Looks like we were both worried for nothing. As the guys traded turns relieving themselves off the side of the boat, I began to wonder what the hell I was doing there. Then, while I awaiting a slow death, Captain Gavet cheerfully told me the story of dead bodies he'd come upon during his years as one of Southern Florida 's only fulltime guides. One scenario featured me hunched over the rail and green with nausea. But eventually, after 40 minutes, I managed to get the pound, 7-foot monster up to the side of the boat, where we cut the line and let it go, as mandated by law. The congratulatory hoots and hollers around me were inaudible echoes competing with the sound of my own thumping heart. But I had already decided I wasn't up for the challenge and would crumble under the pressure -- not pressure from Doug, but from myself.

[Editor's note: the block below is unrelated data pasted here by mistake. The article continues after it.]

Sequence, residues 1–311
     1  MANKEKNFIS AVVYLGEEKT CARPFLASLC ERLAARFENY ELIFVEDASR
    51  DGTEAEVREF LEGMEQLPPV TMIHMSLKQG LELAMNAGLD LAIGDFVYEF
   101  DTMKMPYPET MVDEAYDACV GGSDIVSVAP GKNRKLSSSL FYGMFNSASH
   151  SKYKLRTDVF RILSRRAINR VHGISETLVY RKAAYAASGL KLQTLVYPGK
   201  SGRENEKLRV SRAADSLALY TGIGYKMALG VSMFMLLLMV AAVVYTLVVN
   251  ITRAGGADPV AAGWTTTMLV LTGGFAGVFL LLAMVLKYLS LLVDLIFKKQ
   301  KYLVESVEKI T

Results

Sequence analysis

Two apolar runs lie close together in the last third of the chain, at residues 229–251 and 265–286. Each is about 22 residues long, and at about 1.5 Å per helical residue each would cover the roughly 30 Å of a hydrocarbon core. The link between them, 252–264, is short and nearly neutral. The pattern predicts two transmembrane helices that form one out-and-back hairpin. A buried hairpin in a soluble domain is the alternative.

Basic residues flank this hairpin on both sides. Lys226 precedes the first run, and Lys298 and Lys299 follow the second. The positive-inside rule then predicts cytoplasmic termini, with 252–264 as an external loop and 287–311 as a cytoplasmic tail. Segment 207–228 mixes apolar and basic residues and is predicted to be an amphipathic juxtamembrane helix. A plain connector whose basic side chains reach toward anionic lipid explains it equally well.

April. Age: 21.
The strength of the midday Miami sun managed to calm me down a little, but the test I knew I might have to face was still heavy on my mind.
Eleanor. Age: 21.
We've had massive tarpon get eaten by bulls and hammers right at the side of our boat. As we left the cushioned shoreline of Miami Beach, the smiling manatees and inquisitive pelicans I'd seen in postcards were not enough to calm my nerves. As I screamed in pain from the shredding of my triceps, Gavet offered to take the rod, but I knew in that moment that this fish was mine, and I would have to fight it alone.